Ten former National Football League players have been charged with defrauding millions of dollars from the league’s health care plan that’s meant to benefit retired players and their families, according to Justice Department officials.
Former Washington Redskins running back Clinton Portis, 38, and former Redskins cornerback Carlos Rogers, 38, were among those who were charged with various fraud counts for their roles in the nationwide scheme, according to charging documents unsealed on Dec. 12.
The indictments allege that the players made more than $3.9 million in false and fraudulent claims to the Gene Upshaw NFL Player Health Reimbursement Account Plan for expensive medical equipment that was never purchased and never received.
Some of the equipment included hyperbaric oxygen chambers, ultrasound machines used by doctor’s offices to conduct women’s health exams, and electromagnetic therapy devices designed for use on horses, Assistant Attorney General Brian Benczkowski said during a press conference on Dec. 12.
The plan paid out more than $3.4 million on those claims between June 2017 and December 2018, the DOJ said.
The players’ alleged actions of “defrauding the Plan and treating it like their own personal ATM” had wider implications for the plan, because it risked the plan’s tax-exempt status and the ability of law-abiding retired players from receiving tax-free reimbursements for legitimate medical expenses for themselves or their families, Benczkowski said.
“This is an $800 million or so plan, intended to provide benefits to law-abiding former players and their families. And this conduct, if it had gone unchecked, threatened the tax-exempt status of the fund,” he said, adding that it could have potentially created problems for law-abiding players from access to benefits.
He said that the ringleaders of the scheme recruited other eligible former players by offering to submit or assist in submitting fake claims to the plan, in exchange for kickbacks ranging from a few thousand dollars to $10,000 or more for each claim. The size of each claim typically ranged from $40,000 to $50,000.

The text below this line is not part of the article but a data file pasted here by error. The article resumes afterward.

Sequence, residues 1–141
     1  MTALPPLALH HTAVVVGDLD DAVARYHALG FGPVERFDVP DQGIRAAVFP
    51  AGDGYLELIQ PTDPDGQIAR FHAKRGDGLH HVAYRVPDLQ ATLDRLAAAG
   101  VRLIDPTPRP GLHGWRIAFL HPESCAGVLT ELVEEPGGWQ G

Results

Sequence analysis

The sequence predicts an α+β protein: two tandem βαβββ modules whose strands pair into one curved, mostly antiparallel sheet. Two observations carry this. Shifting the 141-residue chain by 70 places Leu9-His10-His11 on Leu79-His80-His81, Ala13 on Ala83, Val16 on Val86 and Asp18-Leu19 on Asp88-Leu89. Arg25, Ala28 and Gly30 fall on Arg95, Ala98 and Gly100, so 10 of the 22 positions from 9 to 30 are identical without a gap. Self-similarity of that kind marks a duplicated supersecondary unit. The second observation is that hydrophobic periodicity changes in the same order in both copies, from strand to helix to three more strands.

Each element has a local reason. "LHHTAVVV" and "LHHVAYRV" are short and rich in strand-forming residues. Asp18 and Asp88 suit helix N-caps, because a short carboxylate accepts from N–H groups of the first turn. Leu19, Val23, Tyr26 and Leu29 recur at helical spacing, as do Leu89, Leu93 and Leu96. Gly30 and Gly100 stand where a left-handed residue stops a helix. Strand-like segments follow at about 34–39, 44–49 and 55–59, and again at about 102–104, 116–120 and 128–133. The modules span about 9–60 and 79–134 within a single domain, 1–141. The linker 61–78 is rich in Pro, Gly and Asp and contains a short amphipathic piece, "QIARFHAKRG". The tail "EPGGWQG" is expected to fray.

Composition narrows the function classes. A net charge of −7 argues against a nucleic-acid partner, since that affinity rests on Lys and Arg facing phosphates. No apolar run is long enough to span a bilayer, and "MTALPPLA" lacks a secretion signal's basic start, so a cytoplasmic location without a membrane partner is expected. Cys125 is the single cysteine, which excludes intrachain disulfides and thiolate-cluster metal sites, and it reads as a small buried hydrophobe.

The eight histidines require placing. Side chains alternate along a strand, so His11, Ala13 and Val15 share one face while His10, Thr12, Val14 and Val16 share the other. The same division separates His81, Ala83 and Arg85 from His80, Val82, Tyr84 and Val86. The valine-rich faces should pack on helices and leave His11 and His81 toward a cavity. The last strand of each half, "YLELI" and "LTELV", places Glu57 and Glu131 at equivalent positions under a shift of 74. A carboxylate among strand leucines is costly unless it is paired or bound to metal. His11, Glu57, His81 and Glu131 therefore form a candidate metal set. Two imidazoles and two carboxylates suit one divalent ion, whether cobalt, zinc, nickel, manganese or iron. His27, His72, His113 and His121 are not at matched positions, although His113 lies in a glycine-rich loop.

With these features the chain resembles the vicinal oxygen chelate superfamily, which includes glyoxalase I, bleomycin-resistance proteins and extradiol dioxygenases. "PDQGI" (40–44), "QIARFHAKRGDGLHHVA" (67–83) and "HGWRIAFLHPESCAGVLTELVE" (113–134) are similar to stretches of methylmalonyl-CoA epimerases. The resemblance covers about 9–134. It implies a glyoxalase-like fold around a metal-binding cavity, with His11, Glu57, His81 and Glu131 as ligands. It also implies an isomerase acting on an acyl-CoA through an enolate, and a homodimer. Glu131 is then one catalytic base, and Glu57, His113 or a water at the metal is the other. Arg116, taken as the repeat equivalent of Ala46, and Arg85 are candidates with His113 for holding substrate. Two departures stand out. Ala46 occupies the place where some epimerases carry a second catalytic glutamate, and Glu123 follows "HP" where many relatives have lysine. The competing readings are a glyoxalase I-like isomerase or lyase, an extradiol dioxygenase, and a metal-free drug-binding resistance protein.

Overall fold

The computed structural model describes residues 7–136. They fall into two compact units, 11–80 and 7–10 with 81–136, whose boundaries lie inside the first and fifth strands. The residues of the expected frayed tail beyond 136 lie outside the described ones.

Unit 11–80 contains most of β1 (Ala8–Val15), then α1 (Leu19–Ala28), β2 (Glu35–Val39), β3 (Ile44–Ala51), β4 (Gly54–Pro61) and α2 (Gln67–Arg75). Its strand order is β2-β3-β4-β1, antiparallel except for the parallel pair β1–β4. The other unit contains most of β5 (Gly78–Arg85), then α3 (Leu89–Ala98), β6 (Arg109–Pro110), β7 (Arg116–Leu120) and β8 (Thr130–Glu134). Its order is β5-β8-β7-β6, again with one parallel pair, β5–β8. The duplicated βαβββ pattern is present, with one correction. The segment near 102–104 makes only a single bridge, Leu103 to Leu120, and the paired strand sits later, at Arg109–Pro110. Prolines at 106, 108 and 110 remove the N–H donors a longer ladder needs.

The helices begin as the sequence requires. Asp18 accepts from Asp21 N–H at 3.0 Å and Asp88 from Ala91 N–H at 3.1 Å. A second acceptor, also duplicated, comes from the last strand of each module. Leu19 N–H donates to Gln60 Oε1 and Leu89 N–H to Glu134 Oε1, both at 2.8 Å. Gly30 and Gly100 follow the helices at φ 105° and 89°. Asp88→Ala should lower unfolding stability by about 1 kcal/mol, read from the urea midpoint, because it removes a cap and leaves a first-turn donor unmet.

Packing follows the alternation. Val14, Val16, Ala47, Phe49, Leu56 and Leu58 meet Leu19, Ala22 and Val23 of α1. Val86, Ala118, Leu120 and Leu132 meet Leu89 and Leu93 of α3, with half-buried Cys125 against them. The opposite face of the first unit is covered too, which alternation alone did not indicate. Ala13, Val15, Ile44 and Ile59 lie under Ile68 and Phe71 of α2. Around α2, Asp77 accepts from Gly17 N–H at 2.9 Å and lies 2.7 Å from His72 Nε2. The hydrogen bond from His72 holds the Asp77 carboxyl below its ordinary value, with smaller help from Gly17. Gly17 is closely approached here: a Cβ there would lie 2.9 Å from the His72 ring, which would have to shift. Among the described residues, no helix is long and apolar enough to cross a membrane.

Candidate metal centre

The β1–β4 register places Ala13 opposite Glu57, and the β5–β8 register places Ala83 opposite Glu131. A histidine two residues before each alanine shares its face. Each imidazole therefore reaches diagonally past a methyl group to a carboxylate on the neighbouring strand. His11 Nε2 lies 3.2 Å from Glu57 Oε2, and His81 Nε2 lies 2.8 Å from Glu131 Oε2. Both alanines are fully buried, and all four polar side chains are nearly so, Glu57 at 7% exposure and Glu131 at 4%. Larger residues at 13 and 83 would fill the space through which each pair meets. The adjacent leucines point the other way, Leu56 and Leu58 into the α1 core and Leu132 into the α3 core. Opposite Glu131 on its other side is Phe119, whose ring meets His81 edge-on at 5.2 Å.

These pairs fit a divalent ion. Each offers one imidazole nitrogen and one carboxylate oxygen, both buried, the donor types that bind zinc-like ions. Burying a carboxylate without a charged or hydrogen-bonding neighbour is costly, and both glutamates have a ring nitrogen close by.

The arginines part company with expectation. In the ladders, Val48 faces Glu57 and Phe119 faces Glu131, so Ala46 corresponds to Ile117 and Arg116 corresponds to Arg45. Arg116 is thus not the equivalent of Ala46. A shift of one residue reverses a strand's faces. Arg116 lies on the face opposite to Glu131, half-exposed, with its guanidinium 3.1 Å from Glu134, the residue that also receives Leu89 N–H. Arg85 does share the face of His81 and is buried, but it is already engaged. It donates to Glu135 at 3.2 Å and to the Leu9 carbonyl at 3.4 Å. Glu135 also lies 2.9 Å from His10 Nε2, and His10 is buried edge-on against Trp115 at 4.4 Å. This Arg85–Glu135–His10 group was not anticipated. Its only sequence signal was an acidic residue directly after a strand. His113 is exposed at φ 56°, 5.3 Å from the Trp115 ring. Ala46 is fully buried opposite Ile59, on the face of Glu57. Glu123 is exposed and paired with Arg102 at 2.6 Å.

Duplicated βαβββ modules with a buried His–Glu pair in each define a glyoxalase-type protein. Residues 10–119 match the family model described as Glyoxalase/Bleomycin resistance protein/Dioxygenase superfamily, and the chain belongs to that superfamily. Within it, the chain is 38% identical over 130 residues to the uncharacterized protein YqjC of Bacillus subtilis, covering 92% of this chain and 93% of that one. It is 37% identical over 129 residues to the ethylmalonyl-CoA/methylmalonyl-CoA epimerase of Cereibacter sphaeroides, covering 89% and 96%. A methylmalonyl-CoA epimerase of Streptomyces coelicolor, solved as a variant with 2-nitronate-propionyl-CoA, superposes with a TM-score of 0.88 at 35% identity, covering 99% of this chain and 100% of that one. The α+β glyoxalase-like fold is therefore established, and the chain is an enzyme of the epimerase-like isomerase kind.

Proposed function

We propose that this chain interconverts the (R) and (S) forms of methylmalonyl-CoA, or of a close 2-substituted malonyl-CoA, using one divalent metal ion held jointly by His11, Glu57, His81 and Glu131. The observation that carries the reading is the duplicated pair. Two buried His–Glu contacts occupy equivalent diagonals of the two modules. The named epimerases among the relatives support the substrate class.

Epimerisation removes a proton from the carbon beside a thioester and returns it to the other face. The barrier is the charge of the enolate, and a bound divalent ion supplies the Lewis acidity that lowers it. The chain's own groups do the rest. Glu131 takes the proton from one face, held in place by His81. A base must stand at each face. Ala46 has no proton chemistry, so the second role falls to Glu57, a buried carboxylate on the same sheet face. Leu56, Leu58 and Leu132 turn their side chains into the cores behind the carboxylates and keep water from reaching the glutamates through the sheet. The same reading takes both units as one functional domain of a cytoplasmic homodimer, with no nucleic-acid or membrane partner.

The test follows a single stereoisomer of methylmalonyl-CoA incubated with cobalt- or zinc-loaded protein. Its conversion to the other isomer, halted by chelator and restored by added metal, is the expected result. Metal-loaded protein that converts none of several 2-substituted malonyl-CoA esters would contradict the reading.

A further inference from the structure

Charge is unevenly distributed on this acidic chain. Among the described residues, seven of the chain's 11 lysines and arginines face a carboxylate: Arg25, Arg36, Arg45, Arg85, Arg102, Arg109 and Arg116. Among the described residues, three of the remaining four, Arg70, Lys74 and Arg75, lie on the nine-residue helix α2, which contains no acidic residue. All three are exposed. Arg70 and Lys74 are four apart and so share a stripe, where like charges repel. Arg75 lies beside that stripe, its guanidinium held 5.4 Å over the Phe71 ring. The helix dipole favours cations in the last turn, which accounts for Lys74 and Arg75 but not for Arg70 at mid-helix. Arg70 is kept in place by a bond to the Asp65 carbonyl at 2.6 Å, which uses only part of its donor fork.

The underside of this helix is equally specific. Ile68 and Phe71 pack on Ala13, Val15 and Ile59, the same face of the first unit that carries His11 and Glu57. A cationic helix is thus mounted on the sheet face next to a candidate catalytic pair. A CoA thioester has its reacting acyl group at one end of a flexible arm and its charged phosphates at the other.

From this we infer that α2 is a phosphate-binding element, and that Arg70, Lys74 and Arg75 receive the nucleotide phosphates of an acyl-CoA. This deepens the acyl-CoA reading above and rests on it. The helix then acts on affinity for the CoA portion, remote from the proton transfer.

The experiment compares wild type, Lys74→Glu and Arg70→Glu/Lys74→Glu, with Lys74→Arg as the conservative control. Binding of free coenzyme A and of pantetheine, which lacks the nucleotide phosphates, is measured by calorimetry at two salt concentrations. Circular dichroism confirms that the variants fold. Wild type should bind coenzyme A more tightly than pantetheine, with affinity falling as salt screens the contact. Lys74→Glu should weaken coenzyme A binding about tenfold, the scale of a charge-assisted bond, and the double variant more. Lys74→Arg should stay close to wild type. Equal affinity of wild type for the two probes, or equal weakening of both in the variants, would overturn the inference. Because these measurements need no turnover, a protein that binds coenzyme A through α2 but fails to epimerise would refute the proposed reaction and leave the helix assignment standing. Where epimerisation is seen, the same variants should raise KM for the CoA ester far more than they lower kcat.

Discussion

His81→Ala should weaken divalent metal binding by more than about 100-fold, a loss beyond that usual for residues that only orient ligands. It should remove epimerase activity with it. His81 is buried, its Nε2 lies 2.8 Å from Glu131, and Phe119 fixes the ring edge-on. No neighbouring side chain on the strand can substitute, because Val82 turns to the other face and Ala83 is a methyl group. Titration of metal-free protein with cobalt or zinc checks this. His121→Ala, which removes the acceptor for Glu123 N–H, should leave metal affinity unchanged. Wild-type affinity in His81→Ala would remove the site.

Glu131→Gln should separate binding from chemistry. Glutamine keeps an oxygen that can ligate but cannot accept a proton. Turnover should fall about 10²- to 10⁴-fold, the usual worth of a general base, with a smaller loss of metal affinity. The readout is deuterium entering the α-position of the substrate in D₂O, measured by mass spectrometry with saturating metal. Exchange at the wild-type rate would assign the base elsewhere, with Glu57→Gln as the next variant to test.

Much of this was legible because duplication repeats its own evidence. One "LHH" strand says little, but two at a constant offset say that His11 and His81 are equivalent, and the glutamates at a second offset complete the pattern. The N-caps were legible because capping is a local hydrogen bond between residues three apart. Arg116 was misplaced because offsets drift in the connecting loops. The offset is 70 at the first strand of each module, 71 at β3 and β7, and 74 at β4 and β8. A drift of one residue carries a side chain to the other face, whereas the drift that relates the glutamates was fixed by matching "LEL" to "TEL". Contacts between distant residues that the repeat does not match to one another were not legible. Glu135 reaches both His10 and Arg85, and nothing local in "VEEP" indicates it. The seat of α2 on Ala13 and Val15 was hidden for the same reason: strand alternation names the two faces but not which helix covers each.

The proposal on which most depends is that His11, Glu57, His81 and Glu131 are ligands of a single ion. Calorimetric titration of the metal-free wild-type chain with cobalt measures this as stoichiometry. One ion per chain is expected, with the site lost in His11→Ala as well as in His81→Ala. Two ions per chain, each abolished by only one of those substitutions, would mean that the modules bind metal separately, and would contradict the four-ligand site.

“When a defendant received his reimbursement check, he then kicked back the agreed-upon amount to the ringleader or recruiter,” Benczkowski said. “This process was repeated over and over again, placing the integrity of the plan at risk.”
The alleged fraud was halted after the appointed benefits administrator of the plan, Cigna, began detecting some of the claims and refused to pay them.
“Those who perpetrate scams to steal taxpayer dollars from intended beneficiaries threaten the viability of critical health care programs. We are committed to rooting out these fraudsters,” FBI Special Agent in Charge George Piro of the Miami Field Office said at the press conference.
Along with Portis and Rogers, former players Robert McCune, 40, John Eubanks, 36, Tamarick Vanover, 45, Ceandris Brown, 36, James Butler, 37, Fredrick Bennett, 35, Correll Buckhalter, 41, and Etric Pruitt, 38, also have been charged with conspiracy or fraud.
Officials said the investigation is continuing, and could lead to additional arrests and charges if further evidence is found.
The NFL Players Association told The Epoch Times that they “do not have comment on this issue at this time.”
Updated with NFL Players Association’s response.